2014 looks set to be a momentous year for The Agonist. The Montreal-based death metal outfit was thrust into the limelight when Alissa White-Gluz jumped ship to take Angela Gossow’s place in Arch Enemy. With newcomer Vicky Psarakis joining their ranks, The Agonist are finishing up their fourth album in Montreal’s The Grid studio.
The Agonist Don’t Have Time To Wait
Danny Marino and Vicky Psarakis prepare for the most important album of the band’s career
“The album isn't even complete or mixed, but I'm already so blown away by the outcome. This album means a lot to me, not only musically but personally,” admits guitarist Danny Marino. The departure of White-Gluz was not without some friction. “It was by no means an easy choice but it was one The Agonist needed to make,” he says.
“Alissa did say she wanted to balance both bands however, as you can see by their current touring and promotional schedule, there was little room for us. We would have needed to cancel all our touring plans indefinitely, including our first ever appearances on the European festival scene. On top of this, the album would be delayed indefinitely. This album is the most important of our career and we are still a growing band.”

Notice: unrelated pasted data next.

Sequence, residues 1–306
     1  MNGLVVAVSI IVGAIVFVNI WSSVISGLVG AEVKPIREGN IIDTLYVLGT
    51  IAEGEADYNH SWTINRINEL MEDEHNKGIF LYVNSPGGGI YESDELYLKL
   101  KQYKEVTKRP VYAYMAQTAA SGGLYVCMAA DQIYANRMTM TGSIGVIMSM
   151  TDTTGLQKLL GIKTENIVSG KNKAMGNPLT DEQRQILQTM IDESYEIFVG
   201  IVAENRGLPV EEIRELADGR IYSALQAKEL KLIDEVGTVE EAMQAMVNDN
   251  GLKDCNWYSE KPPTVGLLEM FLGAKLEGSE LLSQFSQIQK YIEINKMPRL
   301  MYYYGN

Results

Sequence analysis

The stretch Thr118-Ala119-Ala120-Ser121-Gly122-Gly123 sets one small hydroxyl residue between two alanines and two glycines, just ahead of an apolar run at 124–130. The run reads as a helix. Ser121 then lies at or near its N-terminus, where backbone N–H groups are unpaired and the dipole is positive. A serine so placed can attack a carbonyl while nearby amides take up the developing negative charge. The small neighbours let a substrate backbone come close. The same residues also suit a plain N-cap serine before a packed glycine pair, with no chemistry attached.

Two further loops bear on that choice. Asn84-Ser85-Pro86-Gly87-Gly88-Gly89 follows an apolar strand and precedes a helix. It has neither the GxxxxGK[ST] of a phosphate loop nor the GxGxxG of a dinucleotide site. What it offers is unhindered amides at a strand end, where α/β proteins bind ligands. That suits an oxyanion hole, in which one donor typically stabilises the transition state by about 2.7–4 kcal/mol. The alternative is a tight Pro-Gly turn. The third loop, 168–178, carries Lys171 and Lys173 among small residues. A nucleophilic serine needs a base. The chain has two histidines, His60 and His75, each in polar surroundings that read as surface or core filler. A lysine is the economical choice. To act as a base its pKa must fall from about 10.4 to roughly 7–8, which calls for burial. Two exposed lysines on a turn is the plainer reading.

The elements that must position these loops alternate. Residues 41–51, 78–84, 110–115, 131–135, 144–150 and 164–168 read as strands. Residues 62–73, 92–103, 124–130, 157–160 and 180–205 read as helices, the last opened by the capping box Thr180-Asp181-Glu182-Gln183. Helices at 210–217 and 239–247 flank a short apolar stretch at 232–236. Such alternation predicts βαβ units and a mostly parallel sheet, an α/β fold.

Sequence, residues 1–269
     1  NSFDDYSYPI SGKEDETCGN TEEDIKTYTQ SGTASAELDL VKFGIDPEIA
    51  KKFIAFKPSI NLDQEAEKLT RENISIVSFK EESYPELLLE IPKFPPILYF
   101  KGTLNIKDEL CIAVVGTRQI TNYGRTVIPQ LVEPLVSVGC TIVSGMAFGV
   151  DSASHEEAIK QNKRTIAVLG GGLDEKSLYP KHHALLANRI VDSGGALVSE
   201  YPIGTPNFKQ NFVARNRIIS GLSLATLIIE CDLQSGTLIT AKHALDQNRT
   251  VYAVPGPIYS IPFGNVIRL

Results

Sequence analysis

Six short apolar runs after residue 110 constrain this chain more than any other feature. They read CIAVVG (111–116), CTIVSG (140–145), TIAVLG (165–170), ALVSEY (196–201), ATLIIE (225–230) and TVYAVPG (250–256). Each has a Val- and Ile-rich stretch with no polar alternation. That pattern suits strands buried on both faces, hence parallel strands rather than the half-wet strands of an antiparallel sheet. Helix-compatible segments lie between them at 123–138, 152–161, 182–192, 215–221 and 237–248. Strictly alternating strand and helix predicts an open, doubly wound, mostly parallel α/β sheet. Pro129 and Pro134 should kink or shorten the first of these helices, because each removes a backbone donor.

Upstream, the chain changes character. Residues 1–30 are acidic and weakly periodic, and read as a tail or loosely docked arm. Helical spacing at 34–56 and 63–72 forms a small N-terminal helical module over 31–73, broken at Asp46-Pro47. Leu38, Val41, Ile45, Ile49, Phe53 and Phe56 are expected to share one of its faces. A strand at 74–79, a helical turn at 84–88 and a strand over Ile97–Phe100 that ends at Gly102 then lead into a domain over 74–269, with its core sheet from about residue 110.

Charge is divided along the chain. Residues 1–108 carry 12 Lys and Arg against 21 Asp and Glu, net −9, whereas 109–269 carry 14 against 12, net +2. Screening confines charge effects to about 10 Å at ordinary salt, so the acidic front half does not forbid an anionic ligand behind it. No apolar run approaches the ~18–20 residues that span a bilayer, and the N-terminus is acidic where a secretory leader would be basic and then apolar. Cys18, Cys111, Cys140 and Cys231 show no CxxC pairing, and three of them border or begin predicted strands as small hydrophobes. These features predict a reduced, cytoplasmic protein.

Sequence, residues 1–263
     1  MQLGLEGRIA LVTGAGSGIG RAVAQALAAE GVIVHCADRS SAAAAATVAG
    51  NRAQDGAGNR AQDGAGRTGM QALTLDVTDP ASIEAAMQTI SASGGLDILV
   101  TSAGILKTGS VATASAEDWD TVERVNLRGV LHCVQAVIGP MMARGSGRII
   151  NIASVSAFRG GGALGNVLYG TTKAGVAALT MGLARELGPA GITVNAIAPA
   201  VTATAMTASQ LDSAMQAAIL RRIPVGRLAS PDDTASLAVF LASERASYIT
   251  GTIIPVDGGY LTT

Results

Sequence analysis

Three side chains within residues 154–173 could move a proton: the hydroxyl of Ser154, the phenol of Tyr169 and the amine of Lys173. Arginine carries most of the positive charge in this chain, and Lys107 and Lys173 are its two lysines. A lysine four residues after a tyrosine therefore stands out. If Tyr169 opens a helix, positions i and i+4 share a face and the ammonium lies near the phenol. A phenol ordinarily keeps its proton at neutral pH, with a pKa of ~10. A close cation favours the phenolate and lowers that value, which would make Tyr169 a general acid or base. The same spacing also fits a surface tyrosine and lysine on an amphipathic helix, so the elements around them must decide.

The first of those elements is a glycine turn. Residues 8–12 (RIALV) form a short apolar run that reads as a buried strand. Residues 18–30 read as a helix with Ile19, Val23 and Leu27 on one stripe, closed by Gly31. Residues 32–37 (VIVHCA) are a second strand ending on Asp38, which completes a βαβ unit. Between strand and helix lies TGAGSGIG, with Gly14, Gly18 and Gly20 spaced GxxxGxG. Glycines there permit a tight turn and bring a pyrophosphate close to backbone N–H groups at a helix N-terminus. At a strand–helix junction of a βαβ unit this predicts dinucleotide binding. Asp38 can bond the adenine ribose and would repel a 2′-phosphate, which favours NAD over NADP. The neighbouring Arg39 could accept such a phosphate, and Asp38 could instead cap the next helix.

Psarakis came onto the band’s radar with her YouTube cover of Thank You Pain. “But it was her first few shots at writing on our new material that really sealed it for us! We needed another creative person in this band, not just a fill-in singer,” Marino reflects. “We took the old school approach and actually lived together for the majority of the writing process. This allowed inspiration and collaboration to happen anytime.”
“It's funny how things happen sometimes,” says Athens native Psarakis. “I was still in Greece when this whole thing came about. I was planning to move to Chicago and try my luck with the music scene there. Now, I'm mostly in Montreal working with the band on new music, jamming, getting ready for upcoming gigs.”
Social and political issues have been recurring themes in The Agonist’s music, a trend that Psarakis plans to continue. “Personally, I love writing about the state of the world and modern issues, so social and political problems are never-ending inspiration. Technology is probably the biggest theme in this album though,” she reveals.
“I personally have a lot of faith in this album. It's different. Some classic The Agonist elements are still there of course but there are parts where we weren't afraid to experiment.”